Baker's Dozen: Flume, Narrow Head, the National

Baker's Dozen: Flume, Narrow Head, the National

Baker's Dozen is usually a weekly thing for paid subscribers, but today it's free! This is something I do on weeks where I don't have other free content planned, and also, I've had a lot of free subscribers sign up recently, so I thought it would be nice to give newbies and oldbies a taste of what you get when you move past the freebie (too many bies?) tier.

Also! Because there's so many new people on board, I'm extending the sale on monthly subscriptions for a bit—$1.50/month for the first six months, a 50% discount. I think I'm going to run this for a few more weeks, but who knows when I'm pulling the plug, so grab it here.

Rachika Nayar, "The Price of Serenity"

One more from one of the best albums of the 2020s so far, maybe the most awe-inspiring track on the entire record. The first half of this sounds so huge that it threatens to crush you...the fact that she's able to spin it into some delirious Unicorn Kid trance stuff without losing an ounce of momentum or heft is just more confirmation that she has the absolute goods, what vital work this is.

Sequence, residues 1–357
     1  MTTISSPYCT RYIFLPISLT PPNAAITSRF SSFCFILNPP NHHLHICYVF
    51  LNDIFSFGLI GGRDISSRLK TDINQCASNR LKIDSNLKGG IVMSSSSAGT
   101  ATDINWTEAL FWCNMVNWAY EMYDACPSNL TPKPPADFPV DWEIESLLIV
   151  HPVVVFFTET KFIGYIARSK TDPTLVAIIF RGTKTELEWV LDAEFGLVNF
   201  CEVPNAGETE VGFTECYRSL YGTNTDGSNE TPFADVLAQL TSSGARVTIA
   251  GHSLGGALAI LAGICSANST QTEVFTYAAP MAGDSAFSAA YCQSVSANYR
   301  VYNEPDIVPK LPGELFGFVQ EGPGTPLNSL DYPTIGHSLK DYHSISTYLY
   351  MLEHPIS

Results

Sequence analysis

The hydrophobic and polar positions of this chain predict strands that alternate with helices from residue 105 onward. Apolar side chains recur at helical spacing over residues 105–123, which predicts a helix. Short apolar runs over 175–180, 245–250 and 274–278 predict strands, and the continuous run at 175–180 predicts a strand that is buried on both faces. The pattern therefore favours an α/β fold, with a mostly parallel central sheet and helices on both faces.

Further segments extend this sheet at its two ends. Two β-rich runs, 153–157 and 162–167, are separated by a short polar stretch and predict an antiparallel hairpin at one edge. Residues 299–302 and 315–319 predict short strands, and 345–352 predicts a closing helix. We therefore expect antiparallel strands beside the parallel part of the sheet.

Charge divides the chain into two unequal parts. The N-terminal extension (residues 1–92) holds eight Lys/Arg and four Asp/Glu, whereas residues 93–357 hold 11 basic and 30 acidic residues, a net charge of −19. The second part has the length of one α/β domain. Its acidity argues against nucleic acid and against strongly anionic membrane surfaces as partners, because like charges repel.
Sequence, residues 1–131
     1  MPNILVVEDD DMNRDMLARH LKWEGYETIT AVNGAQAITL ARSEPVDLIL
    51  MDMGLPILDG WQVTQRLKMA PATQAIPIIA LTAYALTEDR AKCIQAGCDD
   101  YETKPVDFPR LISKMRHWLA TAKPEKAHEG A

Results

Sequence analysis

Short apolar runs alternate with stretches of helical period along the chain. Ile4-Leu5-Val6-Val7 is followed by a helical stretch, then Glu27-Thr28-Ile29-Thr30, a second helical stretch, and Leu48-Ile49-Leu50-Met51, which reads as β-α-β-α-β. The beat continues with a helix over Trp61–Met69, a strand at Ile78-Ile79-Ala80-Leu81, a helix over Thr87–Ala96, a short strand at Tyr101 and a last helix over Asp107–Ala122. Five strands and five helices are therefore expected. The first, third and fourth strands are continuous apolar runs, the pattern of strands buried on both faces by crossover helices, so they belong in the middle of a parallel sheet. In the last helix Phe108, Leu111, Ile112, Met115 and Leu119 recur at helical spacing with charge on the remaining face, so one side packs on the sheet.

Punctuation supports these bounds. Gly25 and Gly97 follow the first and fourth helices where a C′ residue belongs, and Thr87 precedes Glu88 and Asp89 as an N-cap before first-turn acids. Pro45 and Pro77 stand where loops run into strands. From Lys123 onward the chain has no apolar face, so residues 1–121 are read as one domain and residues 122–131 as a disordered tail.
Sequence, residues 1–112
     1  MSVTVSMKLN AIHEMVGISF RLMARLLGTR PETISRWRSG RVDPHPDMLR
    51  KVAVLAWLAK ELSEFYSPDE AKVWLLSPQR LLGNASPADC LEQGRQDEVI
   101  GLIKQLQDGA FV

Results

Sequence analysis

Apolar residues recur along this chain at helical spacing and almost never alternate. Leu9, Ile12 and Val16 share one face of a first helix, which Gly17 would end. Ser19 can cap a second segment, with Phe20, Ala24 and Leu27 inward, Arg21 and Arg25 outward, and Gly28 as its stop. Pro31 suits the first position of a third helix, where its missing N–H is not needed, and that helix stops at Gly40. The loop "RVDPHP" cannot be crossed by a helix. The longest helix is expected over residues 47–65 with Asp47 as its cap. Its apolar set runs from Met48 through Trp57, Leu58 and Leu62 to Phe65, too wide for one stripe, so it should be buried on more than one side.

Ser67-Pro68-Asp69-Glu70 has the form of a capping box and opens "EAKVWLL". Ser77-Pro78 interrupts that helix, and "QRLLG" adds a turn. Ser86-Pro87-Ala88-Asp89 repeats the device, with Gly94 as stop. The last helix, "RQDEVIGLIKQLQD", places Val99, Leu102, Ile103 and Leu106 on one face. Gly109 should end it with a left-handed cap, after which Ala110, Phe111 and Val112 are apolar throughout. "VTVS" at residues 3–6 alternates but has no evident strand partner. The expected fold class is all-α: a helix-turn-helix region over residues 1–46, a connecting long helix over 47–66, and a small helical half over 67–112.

Flume, "SPOKE 2 ALIENS FINALLY 1.3 [2020 Export Wav]"

Longtime subscribers know that I can't mention Flume without bringing up the ass-eating incident, quite possibly the only good thing to ever happen at Burning Man...feels like a few big EDM producers sat in their gaming chairs during quarantine for long enough that they started to want to make weird music again, you can certainly sense that yearning from the last couple of years of output from Flume, who previously stood as the biggest and most utterly boring success story from the Future Classic camp. Everything he's doing is, at absolute best, diet SOPHIE (RIP), but it's not the worst substitute...I feel like he's actually coming closer to just straight-up making good music, I do love this track quite a bit, can't believe it's 2024 and I'm rooting for Flume but this decade's been really fucked up, man.